Sure enough, on one of his exams we all answered a question “correctly,” and we all were marked wrong. When we objected, since we only wrote down what he himself taught us, he replied with a wry smile: “Yes, but I wasn’t telling the truth then! You should have been more perceptive, you should have challenged me.” So we all received poor grades on that exam; but we learned a lesson that transcended Latin: We learned to be attentive, critical, self-reliant.
Dr. Feldman assigned us to write a paper that we would present to the class orally. Since I was taking a class in Chaucer at the time, I decided to write a paper on Virgil’s influence on Chaucer. When it was time for me to present my paper, Dr. Feldman sat in the back of the room. No sooner had I made my first point, Dr. Feldman raised his hand. “How do you know that Chaucer drew that phrase from Virgil? Maybe he came up with it himself?” I was a bit flustered, but replied with some confidence: “Professor Thompson, who is a foremost authority on Chaucer, wrote specifically that this passage was drawn from Virgil.” Dr. Feldman said: “I don’t care what Professor Thompson or anyone else thought. You have to demonstrate that in fact Chaucer was drawing on this passage from Virgil. Quoting this professor or that professor does not make something true.” “But he’s an authority,” I replied. “Don’t rely on authorities,” said Dr. Feldman. “Analyze things for yourself. Citing an authority doesn’t prove your point.”
That was a powerful lesson that has stayed with me over the years. Whereas it is very common in religious life to rely on “authorities,” Dr. Feldman taught us to think for ourselves. Yes, we certainly can and should learn from scholars, but ultimately we need to make evaluations of our own. Because rabbi X or authority Y said something does not in itself make something true.
Dr. Feldman had strict rules when it came to submitting our papers. He would deduct one third of a grade for every five typos/misspelled words/grammatical errors. We had to proofread our papers very carefully before handing them in; we knew that he graded strictly. The first paper I ever published was a term paper I wrote for Dr. Feldman comparing five English translations of the Aeneid. Dr. Feldman submitted the paper on my behalf to the Classical Journal—and it was published during my senior year at Yeshiva College.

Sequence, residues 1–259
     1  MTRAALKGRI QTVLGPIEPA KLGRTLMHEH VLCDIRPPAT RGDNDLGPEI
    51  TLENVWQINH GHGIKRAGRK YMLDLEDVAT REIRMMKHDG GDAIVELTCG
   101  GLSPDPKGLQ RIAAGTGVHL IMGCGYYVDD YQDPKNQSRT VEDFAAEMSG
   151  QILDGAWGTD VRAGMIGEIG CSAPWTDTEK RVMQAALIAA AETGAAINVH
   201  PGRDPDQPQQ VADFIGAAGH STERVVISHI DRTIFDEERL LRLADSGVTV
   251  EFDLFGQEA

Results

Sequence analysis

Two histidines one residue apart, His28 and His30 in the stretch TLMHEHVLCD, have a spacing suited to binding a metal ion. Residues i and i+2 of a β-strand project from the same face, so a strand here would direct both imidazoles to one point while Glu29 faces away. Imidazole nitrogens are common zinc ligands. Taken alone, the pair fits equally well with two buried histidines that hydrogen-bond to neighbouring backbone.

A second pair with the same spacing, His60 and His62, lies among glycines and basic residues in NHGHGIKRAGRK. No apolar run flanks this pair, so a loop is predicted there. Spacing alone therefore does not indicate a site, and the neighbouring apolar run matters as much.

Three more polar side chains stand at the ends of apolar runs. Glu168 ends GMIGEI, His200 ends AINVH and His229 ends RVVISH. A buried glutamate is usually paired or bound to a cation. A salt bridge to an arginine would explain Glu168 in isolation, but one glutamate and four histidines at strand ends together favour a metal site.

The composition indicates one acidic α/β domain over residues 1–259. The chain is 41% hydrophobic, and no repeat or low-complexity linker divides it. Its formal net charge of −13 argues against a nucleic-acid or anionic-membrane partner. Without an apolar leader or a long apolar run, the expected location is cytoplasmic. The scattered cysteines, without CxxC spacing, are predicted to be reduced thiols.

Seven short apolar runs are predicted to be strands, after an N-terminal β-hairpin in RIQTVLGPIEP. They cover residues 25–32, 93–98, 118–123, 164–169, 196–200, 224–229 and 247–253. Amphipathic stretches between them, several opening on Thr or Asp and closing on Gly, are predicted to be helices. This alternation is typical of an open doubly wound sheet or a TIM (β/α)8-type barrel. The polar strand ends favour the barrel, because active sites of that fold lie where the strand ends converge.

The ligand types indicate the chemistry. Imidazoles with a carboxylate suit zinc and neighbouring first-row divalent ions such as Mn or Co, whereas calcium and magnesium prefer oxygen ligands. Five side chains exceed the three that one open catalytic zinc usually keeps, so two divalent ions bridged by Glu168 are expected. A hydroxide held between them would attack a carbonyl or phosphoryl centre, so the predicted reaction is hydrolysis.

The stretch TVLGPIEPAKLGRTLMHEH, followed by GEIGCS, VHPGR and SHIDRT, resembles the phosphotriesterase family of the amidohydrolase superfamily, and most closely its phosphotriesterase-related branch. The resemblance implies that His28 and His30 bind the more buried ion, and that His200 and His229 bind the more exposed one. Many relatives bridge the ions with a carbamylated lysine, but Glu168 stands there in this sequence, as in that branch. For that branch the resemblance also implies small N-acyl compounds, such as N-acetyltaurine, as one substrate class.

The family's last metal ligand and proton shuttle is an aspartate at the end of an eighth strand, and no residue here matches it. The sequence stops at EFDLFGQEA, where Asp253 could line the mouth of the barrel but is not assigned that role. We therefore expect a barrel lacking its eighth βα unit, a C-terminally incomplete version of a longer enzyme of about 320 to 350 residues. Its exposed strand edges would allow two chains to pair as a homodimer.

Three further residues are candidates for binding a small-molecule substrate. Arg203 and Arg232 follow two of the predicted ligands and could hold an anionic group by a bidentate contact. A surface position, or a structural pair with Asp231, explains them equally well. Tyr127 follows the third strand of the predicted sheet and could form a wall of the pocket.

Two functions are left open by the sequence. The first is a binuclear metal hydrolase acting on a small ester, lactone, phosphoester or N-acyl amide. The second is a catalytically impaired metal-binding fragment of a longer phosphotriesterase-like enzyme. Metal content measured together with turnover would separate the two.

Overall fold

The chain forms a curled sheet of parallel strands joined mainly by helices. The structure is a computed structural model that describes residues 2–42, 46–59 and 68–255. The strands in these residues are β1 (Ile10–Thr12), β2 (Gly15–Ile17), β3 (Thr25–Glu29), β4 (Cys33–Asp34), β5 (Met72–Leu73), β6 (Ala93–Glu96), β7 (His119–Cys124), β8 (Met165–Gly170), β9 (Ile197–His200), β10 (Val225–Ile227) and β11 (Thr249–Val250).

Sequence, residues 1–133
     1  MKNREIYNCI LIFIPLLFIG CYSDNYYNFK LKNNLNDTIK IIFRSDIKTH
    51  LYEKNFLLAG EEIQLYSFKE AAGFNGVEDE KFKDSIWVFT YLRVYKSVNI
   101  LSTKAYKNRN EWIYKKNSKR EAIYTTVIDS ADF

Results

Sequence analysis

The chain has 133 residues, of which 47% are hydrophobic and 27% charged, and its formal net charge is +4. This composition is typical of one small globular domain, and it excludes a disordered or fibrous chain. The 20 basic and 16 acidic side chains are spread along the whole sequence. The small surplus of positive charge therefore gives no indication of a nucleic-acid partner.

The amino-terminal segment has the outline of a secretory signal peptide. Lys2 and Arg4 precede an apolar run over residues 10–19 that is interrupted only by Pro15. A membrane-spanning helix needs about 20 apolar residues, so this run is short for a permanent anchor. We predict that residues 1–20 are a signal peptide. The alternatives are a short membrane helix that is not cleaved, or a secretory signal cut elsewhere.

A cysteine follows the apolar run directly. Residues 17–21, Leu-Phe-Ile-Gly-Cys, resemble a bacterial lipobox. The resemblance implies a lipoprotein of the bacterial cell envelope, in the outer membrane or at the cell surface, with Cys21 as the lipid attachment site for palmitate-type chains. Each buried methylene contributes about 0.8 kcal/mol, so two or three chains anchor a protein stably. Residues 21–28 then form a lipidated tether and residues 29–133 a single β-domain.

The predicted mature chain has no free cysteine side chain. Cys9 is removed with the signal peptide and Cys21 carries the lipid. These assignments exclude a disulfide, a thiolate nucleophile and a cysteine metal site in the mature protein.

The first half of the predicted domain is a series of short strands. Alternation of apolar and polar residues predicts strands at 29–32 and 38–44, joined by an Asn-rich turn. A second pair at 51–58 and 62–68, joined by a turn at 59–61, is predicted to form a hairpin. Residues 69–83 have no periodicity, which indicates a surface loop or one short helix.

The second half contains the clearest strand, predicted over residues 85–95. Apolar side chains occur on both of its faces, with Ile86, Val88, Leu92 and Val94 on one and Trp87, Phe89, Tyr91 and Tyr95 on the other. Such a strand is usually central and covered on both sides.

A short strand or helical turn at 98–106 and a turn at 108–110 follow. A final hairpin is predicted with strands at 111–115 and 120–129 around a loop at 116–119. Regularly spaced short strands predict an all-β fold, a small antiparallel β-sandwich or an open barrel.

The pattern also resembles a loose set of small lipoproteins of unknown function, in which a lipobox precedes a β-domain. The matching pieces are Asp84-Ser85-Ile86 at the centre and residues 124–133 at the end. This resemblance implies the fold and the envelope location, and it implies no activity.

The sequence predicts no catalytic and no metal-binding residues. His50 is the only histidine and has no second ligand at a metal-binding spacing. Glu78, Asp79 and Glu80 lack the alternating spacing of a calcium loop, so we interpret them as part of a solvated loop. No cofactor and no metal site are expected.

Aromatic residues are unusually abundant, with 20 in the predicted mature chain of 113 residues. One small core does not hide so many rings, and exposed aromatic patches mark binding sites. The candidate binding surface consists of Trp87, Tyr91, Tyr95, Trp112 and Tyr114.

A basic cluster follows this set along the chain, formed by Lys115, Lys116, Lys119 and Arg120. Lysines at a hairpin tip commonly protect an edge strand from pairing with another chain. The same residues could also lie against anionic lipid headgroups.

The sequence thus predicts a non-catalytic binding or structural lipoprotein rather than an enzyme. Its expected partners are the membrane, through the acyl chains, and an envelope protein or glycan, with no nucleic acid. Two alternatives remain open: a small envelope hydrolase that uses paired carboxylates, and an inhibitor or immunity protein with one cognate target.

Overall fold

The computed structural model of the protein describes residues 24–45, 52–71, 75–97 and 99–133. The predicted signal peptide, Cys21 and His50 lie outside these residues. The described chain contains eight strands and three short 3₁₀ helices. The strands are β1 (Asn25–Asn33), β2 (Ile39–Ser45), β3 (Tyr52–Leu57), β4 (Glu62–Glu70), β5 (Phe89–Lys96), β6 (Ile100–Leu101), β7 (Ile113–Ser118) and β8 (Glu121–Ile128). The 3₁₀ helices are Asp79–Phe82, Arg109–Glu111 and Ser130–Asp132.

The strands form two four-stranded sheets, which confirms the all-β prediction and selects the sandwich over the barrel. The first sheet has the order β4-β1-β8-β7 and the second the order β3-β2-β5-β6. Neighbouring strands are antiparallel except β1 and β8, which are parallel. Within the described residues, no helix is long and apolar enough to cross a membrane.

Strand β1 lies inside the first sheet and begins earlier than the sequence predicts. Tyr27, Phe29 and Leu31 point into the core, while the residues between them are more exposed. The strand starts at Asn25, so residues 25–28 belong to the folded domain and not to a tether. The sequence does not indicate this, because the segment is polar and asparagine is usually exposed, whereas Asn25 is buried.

Aside from his brilliance as a teacher, he was a singular role model. He was not only a world-class scholar of Greek and Latin; he was a Torah scholar who could often be seen in the Bet Midrash well into the night as he studied Talmud. He was serious, but very witty; he had a ubiquitous smile and dry sense of humor. He was strict but not austere. He was demanding but not pedantic.
It is one of the unique joys of life to have studied with great teachers. It is one of the unique qualities of great teachers to expand the intellectual horizons of their students. Dr. Louis H. Feldman was that kind of teacher and that kind of human being.
* * *
When I had been in the rabbinate for only a few years, I asked myself a painful question: What could I possibly do in order to succeed? I was working with as much energy and self-sacrifice as I could muster, and yet nothing seemed to be changing. Was I prepared to spend a lifetime spinning wheels or treading water?
I discussed my dilemma with Rabbi Meyer Simcha Feldblum, my Talmud teacher at Yeshiva University. Rabbi Feldblum reminded me of a talmudic lesson. When the priest in the Temple in ancient Jerusalem was grinding the spices for the incense offering, someone was required to stand by him and say: “Grind them fine, grind them fine.” The reason is that “The voice is beneficial for spices.” Yet what benefit could a voice have in this process?
Rabbi Feldblum answered: The priest would inevitably reach the point where he thought that his grinding made no difference and that nothing was happening. He would want to stop. So he needed someone to encourage him: You may think that you are not accomplishing anything, but you are perfecting the spices. Keep at it. Ultimately your grinding does make a difference.
This lesson applies to all who wish to transmit the teachings of Torah to their children, grandchildren, students, and members of the larger community. The work will often seem to be in vain, yielding no visible results. But we must continue our task with selfless devotion. Something is happening. We may not see the results now, and we may never live long enough to see the results—but something is happening. The words and teachings of Torah are being planted. They will eventually take root. They will blossom.
Maimonides has taught that the religious person must be a model of human excellence: gentle, honest, friendly, and courteous. People should look at that person and wish to follow the example, recognizing that Torah has the power to create such ideal individuals.
Those who wish to transmit Judaism must strive to be exemplars of Judaism at its best. Being a religious Jew means living with failure, personal and communal. It means falling short, feeling lonely and misunderstood. But if we ourselves can strive to reach our ideals, and if we can convey our ideals to others with sincere devotion, we can lead lives imbued with genuine meaning. And that is success.